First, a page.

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Avatar 37a3bd7bc7328f0ead2c0f6f635dddf60615e676e6b4ddf964144012e529de45 Aarti Vadnerkar answered over 2 years ago

Ancestral Properties are generally known as Hindu Undivided Family Properties (HUF Properties). Such properties are inherited by a male Hindu from his forefathers. Apart from this separate/individual property (including self acquired properties) of male member of HUF thrown into common stock of the family; and properties acquired or purchased with joint efforts of family using HUF properties may also be considered as HUF properties. A HUF originates from a common male ancestor/forefather and consists of his descendants in male line, their spouses and unmarried daughters. Every male, even when he is a member of HUF, can constitute a HUF with his own descendants and spouse. There may be smaller HUFs (as branch) in larger HUF. Through partition, their joint status comes to an end. In terms of the Apex court judgments, to affect a partition all that is necessary is a definite and unequivocal/clear indication of intention by the members of the HUF to separate themselves from the family. Partition can be done through agreement between the members which may be written or oral and partition can also be done through courts if there is any dispute relating to the share or allocation of properties.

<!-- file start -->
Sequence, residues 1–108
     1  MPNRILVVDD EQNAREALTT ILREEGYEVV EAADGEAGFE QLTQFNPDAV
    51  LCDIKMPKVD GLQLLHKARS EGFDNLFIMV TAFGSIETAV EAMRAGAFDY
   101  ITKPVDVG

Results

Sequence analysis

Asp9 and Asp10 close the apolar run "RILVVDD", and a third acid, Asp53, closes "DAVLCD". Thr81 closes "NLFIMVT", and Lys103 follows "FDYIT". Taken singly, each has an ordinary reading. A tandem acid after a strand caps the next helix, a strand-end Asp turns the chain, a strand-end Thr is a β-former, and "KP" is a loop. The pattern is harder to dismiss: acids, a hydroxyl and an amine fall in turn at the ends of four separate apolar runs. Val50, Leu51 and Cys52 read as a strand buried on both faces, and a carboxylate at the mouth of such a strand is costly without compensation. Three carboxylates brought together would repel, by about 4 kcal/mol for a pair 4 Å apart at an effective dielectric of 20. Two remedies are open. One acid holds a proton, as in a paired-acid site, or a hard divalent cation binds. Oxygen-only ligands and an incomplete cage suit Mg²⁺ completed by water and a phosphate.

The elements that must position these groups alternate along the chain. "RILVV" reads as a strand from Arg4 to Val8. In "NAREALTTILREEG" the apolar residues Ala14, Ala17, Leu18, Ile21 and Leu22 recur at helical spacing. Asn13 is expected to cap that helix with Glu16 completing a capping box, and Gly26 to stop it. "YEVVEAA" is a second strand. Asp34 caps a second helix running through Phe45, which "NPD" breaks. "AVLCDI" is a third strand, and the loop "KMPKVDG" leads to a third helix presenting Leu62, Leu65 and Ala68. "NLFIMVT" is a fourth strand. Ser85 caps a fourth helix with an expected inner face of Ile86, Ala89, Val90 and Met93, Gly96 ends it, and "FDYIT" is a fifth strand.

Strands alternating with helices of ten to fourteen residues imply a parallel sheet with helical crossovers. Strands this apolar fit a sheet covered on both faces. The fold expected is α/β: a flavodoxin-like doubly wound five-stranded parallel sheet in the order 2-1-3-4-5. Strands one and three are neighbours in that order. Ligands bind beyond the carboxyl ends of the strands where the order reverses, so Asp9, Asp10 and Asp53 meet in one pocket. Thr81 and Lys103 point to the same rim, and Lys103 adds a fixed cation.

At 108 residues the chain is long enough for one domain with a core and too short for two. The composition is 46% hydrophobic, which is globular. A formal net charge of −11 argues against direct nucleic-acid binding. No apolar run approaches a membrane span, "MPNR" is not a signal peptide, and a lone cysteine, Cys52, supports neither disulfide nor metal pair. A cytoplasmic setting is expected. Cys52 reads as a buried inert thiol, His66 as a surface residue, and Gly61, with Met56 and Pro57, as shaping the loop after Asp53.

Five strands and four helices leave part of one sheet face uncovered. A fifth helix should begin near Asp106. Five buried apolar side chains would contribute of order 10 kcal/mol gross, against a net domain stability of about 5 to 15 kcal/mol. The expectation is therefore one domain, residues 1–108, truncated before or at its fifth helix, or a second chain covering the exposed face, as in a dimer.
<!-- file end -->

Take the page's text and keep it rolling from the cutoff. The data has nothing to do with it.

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Avatar 37a3bd7bc7328f0ead2c0f6f635dddf60615e676e6b4ddf964144012e529de45 jitendra etikala answered over 2 years ago

Any property which is received from ancestors by way of partition or otherwise is HUF property. Any property received by the HUF by way of gift through Will, accretions to the existing properties, blended or properties thrown in common hotchpot or impressed with the Character of HUF property by any coparcener etc. are also HUF property, Character of the HUF property on partition in the hands of the coparcener, remains as HUF property. Any property earned by an individual whether on account of own exertion or out of individual fund without investment of the HUF funds, earning of learning, service, personal qualifications, etc. is separate and individual property of a Hindu (Refer K.S Suffiah Pillai vs. CIT (1999) 237 ITR 11(SC). Self acquired property of a Hindu will pass on to his/her legal heirs as per the rules of succession and the legal heirs receive the property as individual property. So also the share of the deceased co-parcener in HUF, which otherwise devolves by survivorship to other co-parcener goes by succession to legal heirs, which they hold as separate property, if such co-parcener has left certain class of female relatives or a male relative who claims through such female relative specified in Class I of the first schedule to Hindu Succession Act, 1956.